May 19, 2007 |
San Francisco Chronicle executives told employees Friday that they would cut the newsroom staff by one quarter as readers and advertisers continued to flee to the Internet. About 80 union members and 20 management employees will lose their jobs, reducing the Chronicle's editorial staff to about 300. The paper had an editorial staff of 570 in 2000. Unlike many big-city newspapers, which have continued to make solid profits despite new-media challenges, the Hearst Co.
March 10, 2007 |
The NCAA tournament selection committee has been sequestered on the 15th floor of the Indianapolis Westin since Wednesday night, with a security guard on duty. Friday morning, Appalachian State found a way inside, paying $10,000 for a full page ad in the Indianapolis Star touting the barely on-the-bubble Mountaineers' NCAA tournament credentials. "Stating our case," it read.
December 13, 2006 |
Taco Bell Corp. launched a newspaper ad blitz and sent its president on media interviews Tuesday to convince customers that its food was safe -- even as the cause of the E. coli outbreak linked to the fast-food chain remained a mystery.
November 24, 2006 |
A violent Mexican drug gang took out a half-page newspaper ad in which it claimed to be an anti-crime vigilante group seeking to stop kidnapping, robbery and the sale of methamphetamine in the western state of Michoacan. The Family, a shadowy group believed to be allied with Mexico's Gulf drug cartel, has claimed responsibility for bloody killings, such as a Sept. 6 attack in which gunmen dumped five human heads into a bar in the Michoacan city of Uruapan.
November 22, 2006 |
Combined print and online advertising revenue at U.S. newspapers slid 1.5% to $11.8 billion in the third quarter, hurt by falling automobile and help-wanted classified sales, an industry group said Tuesday. The decline marks the first time that combined print and online spending fell since the Newspaper Assn. of America began measuring such revenue in 2004.
November 4, 2006 |
Tired of the drumbeat of negative news about the housing market, the nation's real estate brokers are trying to change the tune. This weekend and next, the National Assn. of Realtors is spending $40 million on full-page ads in the nation's biggest newspapers, including The Times, to convince people that the market is A-OK.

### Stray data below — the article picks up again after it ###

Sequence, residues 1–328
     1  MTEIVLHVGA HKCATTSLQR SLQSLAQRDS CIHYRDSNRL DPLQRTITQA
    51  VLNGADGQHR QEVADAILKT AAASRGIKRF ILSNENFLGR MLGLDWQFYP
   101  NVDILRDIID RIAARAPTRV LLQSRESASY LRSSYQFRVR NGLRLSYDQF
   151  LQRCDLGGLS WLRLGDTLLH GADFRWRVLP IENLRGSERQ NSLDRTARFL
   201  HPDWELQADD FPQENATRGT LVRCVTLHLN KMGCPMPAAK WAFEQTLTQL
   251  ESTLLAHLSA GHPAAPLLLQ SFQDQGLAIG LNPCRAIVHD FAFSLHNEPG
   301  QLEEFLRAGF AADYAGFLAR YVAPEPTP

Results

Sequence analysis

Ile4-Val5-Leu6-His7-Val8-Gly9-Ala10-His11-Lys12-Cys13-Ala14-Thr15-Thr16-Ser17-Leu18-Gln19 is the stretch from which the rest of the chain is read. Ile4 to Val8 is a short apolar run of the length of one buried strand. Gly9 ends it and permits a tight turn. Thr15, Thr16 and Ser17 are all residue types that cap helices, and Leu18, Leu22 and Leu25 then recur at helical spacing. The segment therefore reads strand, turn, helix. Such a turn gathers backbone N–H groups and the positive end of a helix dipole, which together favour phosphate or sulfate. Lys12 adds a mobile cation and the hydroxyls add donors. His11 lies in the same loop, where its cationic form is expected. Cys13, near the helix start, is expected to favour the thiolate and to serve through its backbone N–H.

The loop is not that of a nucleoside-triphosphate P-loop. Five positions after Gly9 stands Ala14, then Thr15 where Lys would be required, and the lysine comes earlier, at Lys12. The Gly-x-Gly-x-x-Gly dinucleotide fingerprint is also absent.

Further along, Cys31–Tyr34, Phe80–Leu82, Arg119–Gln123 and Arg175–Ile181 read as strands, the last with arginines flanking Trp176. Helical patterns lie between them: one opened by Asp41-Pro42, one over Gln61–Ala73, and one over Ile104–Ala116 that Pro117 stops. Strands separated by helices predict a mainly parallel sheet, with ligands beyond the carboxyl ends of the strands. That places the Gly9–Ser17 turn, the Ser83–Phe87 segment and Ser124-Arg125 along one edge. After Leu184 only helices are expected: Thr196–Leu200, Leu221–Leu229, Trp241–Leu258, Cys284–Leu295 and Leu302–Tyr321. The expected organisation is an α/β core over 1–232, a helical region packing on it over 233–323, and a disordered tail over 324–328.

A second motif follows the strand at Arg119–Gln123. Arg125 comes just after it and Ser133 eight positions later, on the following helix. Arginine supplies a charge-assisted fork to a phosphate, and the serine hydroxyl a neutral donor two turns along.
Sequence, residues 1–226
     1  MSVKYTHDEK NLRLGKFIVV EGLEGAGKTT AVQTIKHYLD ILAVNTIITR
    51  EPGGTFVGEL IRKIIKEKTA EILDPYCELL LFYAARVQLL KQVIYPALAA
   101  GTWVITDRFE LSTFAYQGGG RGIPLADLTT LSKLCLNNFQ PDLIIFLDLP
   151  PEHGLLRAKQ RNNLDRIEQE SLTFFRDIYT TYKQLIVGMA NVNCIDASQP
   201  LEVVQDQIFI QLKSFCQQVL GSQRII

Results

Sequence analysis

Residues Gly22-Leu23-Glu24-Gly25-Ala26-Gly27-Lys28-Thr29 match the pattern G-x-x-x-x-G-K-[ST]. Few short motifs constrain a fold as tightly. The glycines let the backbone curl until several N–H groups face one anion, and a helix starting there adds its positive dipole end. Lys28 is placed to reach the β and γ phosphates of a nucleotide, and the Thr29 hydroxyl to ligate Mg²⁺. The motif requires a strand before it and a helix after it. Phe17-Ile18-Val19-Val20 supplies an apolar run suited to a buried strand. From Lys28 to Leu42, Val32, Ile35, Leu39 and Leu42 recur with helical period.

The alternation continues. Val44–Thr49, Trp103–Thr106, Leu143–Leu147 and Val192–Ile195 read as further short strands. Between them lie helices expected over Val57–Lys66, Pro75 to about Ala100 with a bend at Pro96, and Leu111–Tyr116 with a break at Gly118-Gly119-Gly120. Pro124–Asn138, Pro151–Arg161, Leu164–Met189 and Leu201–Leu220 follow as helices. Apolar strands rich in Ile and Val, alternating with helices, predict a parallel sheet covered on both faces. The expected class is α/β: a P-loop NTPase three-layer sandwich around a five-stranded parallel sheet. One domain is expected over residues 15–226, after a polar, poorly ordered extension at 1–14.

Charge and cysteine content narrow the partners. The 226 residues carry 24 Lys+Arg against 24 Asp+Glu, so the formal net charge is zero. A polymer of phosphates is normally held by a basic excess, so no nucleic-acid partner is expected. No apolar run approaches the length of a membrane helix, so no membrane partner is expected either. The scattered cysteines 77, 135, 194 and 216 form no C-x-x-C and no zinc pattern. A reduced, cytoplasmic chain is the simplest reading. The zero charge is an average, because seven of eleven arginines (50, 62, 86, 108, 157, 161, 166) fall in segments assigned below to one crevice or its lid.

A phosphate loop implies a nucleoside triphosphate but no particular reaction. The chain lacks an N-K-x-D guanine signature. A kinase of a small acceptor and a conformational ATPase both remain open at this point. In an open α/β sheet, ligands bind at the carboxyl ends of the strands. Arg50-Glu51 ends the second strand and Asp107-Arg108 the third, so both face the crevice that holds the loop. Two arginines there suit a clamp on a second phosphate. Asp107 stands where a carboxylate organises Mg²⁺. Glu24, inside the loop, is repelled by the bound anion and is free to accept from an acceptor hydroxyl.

August 1, 2006 |
In an attempt to increase revenue, the Los Angeles Times will begin accepting advertisements on the front pages of some sections of the newspaper, including Calendar and Sports. With the announcement Monday by Publisher Jeff Johnson, The Times joins several other newspapers that recently announced that they would sell ad space on one or more section fronts, including the Wall Street Journal, New York Times, Boston Globe and Chicago Tribune.
April 18, 2006 |
Newspaper publisher Knight Ridder Inc., which is being sold to McClatchy Co., posted sharply lower first-quarter earnings Monday on weaker advertising -- particularly at three of the 12 newspapers McClatchy is not keeping -- and factors including higher interest costs. San Jose-based Knight Ridder earned $28.4 million, or 42 cents a share, in the first three months of the year, down from $60.5 million, or 79 cents, a year earlier.
November 23, 2005 |
Newspapers saw increases in classified advertising as well as ads on their websites, according to preliminary estimates by the Newspaper Assn. of America. Ad spending for newspapers, including their websites, inched up 2.4% to $12 billion for the third quarter of 2005 when compared with the year-earlier quarter. Spending for print ads was up 1.6% to $11.4 billion compared with the third quarter of 2004. Classified ad spending was up 5.5%.
October 10, 2005 |
In a recent e-mail chat about the future of their business, several young New York Times reporters concluded with dismay that most of their friends don't subscribe to the newspaper. At the San Jose Mercury News, hardened news hawks facing staff reductions have begun eyeing public relations jobs they once would have disdained. In Philadelphia, a news photographer who has "loved every minute" of his 68 years in the business doesn't like the trends he sees.